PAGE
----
A Stormwater Tsunami Possible for Industrial Facilities

Well, you’re just getting used to new obligations under U.S. Environmental Protection Agency’s (EPA) 2015 Multi-Sector General Permit (MSGP) for stormwater discharges associated with industrial facilities. Do you really have to start thinking about the next iteration of the MSGP? The answer is yes—and not just for those currently subject to the federal industrial MSGP and its state counterparts.

Note. The current Multi-Sector General Permit (MSGP) for industrial stormwater covers over 4,000 facilities nationwide and is used as a framework for dozens of similar state programs.

The next industrial stormwater MSGP is due in 2020. Even if the current EPA officials manage to put in place its deregulation agenda, this 2020 permit is subject to a settlement that could significantly increase the industrial stormwater permitting reach and associated costs. Here’s what’s going on and what you can do.

A number of environmental groups headed up by the Waterkeeper Alliance were patently unhappy with the 2015 MSGP. So, they filed a suit and reached a settlement agreement with the EPA in August 2016, which ties the hands of the current EPA, no matter its industry friendly stance. Let’s take a look at some components of the settlement and how they may affect industrial stormwater requirements.

Report By the NRC

Under the terms of the Waterkeeper settlement, the EPA will issue a draft “Next” MSGP by September 1, 2019. The draft MSGP will take into account the results of a mandated study by the National Research Council (NRC). The study will consider the following issues:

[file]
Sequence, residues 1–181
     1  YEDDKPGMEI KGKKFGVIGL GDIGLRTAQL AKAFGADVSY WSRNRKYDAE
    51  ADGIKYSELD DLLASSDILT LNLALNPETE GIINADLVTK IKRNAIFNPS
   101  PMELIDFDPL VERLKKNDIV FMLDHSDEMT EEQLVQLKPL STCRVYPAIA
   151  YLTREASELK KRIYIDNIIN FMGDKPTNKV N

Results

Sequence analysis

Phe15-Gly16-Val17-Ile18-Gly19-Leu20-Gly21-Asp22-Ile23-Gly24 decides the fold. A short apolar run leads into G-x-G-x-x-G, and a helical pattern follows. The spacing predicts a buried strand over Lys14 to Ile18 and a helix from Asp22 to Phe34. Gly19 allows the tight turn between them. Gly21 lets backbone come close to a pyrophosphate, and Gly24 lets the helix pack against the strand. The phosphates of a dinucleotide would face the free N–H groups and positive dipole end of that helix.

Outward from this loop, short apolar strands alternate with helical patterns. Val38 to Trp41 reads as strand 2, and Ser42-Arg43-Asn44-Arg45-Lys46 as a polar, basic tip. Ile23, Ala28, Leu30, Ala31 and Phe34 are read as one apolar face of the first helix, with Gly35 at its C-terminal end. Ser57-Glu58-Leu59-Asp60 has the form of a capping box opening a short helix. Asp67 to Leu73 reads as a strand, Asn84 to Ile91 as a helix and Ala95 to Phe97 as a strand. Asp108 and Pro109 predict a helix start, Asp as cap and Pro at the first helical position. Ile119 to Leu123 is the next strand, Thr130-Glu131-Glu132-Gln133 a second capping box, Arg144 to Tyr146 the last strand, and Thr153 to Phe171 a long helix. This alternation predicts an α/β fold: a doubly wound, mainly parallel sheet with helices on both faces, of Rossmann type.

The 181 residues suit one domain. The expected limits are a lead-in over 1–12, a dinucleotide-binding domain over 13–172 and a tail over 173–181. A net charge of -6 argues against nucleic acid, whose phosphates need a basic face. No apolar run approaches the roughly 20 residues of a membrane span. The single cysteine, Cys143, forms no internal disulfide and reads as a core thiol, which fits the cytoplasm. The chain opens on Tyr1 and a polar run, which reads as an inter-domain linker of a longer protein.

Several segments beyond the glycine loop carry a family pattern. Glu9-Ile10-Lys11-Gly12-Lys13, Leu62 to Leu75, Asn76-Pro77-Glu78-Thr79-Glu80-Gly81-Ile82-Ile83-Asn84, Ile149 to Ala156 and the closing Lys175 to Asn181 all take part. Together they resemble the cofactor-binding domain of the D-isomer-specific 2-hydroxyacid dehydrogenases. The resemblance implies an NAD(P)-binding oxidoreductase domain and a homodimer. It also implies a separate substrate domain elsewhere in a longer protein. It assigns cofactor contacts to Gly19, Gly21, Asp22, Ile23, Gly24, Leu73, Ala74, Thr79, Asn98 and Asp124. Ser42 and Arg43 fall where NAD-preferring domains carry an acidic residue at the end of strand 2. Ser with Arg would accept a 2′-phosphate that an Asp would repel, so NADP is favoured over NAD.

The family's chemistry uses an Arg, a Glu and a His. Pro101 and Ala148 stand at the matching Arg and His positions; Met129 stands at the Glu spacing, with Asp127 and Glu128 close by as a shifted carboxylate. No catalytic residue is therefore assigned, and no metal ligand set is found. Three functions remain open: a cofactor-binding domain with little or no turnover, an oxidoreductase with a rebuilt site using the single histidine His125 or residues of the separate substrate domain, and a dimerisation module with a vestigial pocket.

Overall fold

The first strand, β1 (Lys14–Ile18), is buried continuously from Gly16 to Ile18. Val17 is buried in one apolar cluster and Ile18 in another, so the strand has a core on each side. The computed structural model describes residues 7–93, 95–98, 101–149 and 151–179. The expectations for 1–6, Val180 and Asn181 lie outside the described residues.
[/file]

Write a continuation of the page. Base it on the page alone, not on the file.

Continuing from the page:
• Benchmark monitoring
  • Numeric retention standards
  • Highest priority facilities

In addition to the results of the NRC study, the EPA will also consider including certain additional measures, including banning the use of coal tar sealants as a requirement for coverage, in its draft MSGP.

The NRC study is being conducted by a committee of the National Academies of Sciences, Engineering, and Medicine, which held its first meeting on November 20, 2017.

Benchmark Monitoring

Stormwater benchmark monitoring is used to determine the overall effectiveness of your facility’s stormwater control measures. You were required to monitor for benchmarks quarterly during the first year of the permit. If the average of the four monitoring values did not exceed the benchmark for that particular parameter, you have fulfilled the benchmarking monitoring requirements for that parameter for the permit term (5 years). If the average of the 4 quarters of monitoring exceeded the benchmark for any parameter, you are required to review the selection, design, installation, and implementation of control measures to determine if any corrective actions are necessary.

The 2015 MSGP specifies pollutant benchmark concentrations that are applicable to certain sectors/subsectors. The benchmark concentrations are not effluent limitations; a benchmark exceedance, therefore, is not a permit violation. However, if corrective action is required as a result of a benchmark exceedance, failure to conduct required corrective action is a permit violation.